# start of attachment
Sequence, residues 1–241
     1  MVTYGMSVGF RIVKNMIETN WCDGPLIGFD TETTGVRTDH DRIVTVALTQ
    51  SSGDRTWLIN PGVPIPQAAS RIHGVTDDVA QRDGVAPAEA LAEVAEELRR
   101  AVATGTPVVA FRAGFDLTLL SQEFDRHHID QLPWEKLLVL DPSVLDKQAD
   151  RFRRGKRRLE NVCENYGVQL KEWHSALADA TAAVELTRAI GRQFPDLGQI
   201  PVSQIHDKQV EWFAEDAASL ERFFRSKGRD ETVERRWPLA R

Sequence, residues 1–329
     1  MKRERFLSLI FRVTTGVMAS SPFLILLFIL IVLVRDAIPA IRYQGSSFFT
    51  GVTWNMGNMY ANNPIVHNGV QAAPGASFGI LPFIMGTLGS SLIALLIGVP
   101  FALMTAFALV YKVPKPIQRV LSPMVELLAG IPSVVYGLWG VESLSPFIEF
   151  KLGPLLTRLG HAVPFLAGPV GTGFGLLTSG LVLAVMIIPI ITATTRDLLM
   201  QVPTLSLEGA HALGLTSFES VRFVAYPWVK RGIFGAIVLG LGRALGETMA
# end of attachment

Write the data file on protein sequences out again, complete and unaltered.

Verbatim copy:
Sequence, residues 1–241
     1  MVTYGMSVGF RIVKNMIETN WCDGPLIGFD TETTGVRTDH DRIVTVALTQ
    51  SSGDRTWLIN PGVPIPQAAS RIHGVTDDVA QRDGVAPAEA LAEVAEELRR
   101  AVATGTPVVA FRAGFDLTLL SQEFDRHHID QLPWEKLLVL DPSVLDKQAD
   151  RFRRGKRRLE NVCENYGVQL KEWHSALADA TAAVELTRAI GRQFPDLGQI
   201  PVSQIHDKQV EWFAEDAASL ERFFRSKGRD ETVERRWPLA R

Sequence, residues 1–329
     1  MKRERFLSLI FRVTTGVMAS SPFLILLFIL IVLVRDAIPA IRYQGSSFFT
    51  GVTWNMGNMY ANNPIVHNGV QAAPGASFGI LPFIMGTLGS SLIALLIGVP
   101  FALMTAFALV YKVPKPIQRV LSPMVELLAG IPSVVYGLWG VESLSPFIEF
   151  KLGPLLTRLG HAVPFLAGPV GTGFGLLTSG LVLAVMIIPI ITATTRDLLM
   201  QVPTLSLEGA HALGLTSFES VRFVAYPWVK RGIFGAIVLG LGRALGETMA